The motive for American companies is clear. Canada has a speedier immigration environment than does the U.S. That’s important in a sector with a seemingly insatiable demand for engineers, many of whom are being schooled at the tech-friendly educational institutions of China and India. Getting them into Canada, by some estimates, takes less than half the time required to get them into the States.
Butterfield himself anticipates close to 40 new hires in Vancouver, including in “customer experience” and front-end engineering. “Engineering is the second-biggest team here,” he says. “And this is where most of the design leadership is, the core of the front-end development team. So my focus in Vancouver is on product and design, whereas in San Francisco it’s more on investors and executive recruiting.”
Executive recruiting may be easier in the San Francisco area because there would be much greater depth in people with experience in enterprise software companies in the first place. But it may also be easier because of the housing demands of people being hired at the most senior levels. Sure, a younger workforce—Butterfield looked to be the only person over 40 in the Hamilton Street facility—may be willing to live in small or shared quarters in what is widely considered one of the least affordable cities in the world. If you’re looking to hire senior people, on the other hand, who will likely be older and may well have families, then you need to have places for them to live that don’t cost millions of dollars.
But maybe real estate prices are, in the end, a red herring. San Francisco and New York, both thriving tech hubs, have more expensive downtown real estate than Vancouver. The risk factor for the Vancouver tech boom may come down to a piece of paper: the U.S. H1-B visa. A non-immigration work permit allowing U.S. companies to hire foreign nationals in specialized sectors including technology, the H1-B is capped at 65,000 persons annually. Were that head cap to be lifted, as it is rumoured it might be, a key Vancouver competitive advantage would fall away. And then the Slack-indicated tech boom might well be in jeopardy.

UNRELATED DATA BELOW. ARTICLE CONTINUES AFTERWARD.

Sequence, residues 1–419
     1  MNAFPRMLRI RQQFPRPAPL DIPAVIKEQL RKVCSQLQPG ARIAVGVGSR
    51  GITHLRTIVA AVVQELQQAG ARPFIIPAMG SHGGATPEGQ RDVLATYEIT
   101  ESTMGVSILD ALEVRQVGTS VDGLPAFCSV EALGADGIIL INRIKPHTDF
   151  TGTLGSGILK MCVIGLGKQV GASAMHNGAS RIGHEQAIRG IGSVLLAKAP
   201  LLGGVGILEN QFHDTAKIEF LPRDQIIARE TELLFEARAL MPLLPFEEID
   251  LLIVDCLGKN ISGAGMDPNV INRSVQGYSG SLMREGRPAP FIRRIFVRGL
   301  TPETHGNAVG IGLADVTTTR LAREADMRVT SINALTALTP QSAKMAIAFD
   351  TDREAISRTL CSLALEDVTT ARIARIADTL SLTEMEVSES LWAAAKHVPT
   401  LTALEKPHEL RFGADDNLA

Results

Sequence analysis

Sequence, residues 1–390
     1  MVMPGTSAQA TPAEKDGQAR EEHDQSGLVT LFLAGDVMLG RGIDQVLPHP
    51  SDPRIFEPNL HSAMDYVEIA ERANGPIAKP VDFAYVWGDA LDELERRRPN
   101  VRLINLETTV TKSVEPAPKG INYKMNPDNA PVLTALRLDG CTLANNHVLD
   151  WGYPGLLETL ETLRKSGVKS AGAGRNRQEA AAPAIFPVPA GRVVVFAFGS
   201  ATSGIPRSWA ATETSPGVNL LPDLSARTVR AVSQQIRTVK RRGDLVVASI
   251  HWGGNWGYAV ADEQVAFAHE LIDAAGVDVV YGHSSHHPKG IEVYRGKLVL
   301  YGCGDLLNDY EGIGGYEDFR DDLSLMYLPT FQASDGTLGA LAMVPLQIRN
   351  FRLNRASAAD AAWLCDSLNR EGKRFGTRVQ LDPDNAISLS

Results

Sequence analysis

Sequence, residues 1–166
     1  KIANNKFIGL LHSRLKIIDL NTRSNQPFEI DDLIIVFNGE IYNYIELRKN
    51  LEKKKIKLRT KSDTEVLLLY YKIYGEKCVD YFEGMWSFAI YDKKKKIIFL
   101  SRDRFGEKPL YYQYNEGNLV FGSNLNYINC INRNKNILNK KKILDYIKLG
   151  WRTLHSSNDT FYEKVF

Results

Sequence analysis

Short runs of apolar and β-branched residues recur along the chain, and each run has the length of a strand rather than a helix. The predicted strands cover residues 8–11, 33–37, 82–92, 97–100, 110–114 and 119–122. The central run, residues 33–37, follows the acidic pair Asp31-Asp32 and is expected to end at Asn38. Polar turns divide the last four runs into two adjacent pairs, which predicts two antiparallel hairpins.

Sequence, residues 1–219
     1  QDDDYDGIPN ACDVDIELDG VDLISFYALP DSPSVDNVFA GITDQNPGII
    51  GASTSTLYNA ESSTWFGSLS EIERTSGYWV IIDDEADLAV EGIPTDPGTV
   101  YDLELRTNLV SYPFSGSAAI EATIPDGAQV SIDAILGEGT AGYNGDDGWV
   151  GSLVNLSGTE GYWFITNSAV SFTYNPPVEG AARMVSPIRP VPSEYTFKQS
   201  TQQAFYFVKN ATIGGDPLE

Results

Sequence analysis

Butterfield isn’t worrying about that—not at the moment, anyway; 2017 is coming, and he thinks Slack’s drawing power will be ample to attract the people he needs. “Just look at how beautiful our office is!” he exclaims. Then, more seriously, he offers the following prognosis: “I think that being at Slack right now will be similar to having worked at Google from 2005 to 2007, or Facebook from 2007 to 2009, or Apple in the mid 2000s.”
If he’s right, a lot of people will be having a happy New Year.
Victoria's unemployment rate 2nd lowest in country bolstered by job growth in tech, govnt. & retail. see more
Source: CHEK News
New numbers from Statistics Canada show the jobless rate in Canada moved up in July, as the economy shed more than 31,000 jobs, but BC, and Victoria in particular, are bucking the trend.
The Capital Region’s unemployment rate was now the second-lowest in the country last month, at 4.7 per cent, bolstered by job growth in tech, government and retail.
VIATEC CEO Dan Gunn said the Statscan figures showing 5,000 more people working in science and tech in the Capital Region, could actually be low.
“You have new companies starting everyday and they’re growing fast so the reporting can be slower than the actual reality,” he said, adding that Statscan’s labour force survey also fails to account for contract and freelance workers who make up a large part of the tech workforce.
And there was at least one surprising stat.
While the Canada Mortgage and Housing Corporation just reported the region saw housing starts reach a 15-year high through the first six months of 2016, the number of people working construction in Greater Victoria is down, with 2,700 fewer workers than in July 2015.
BC’s Construction Association president Manley McLachlan says it’s not for lack of demand.
“There’s lots of rationale for it. I would say that there’s still a huge demand, we know that, and I think the fact there’s 2,700 fewer people working here today, they’re probably working somewhere else,” he said.
“I’d suggest look up-Island, the John Hart dam is going strong, two hospitals under construction, lots of private sector work.So it’s a bit of an anomaly.”
At GT Hiring Solutions, Christine Willow says its also a case of demand outpacing supply, as the construction sector is just one of the industries looking for help finding workers.
“Companies like Labour Unlimited are coming to us and saying we will come and pick up the people and drive people to the site,” she said.